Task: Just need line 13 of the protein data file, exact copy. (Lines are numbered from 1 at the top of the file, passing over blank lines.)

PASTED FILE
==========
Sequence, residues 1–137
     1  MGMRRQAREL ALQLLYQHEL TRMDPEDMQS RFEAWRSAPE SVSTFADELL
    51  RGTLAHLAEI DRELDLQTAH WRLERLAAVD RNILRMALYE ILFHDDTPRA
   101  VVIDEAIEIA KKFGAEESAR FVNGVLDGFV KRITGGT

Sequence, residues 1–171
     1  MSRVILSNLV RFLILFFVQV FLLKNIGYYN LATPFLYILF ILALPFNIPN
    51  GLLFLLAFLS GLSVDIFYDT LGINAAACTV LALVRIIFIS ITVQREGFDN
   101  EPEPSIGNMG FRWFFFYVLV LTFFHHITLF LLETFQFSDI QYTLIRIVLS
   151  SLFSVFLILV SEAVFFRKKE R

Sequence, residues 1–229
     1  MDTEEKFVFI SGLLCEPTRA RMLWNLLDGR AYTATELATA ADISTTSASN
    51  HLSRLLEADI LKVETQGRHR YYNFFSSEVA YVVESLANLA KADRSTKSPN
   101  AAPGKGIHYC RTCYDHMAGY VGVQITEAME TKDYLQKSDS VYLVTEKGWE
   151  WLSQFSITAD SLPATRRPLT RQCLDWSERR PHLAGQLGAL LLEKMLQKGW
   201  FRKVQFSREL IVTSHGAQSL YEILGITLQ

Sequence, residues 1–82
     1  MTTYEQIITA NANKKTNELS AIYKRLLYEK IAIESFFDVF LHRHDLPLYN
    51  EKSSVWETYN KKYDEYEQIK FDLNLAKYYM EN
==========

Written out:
   101  AAPGKGIHYC RTCYDHMAGY VGVQITEAME TKDYLQKSDS VYLVTEKGWE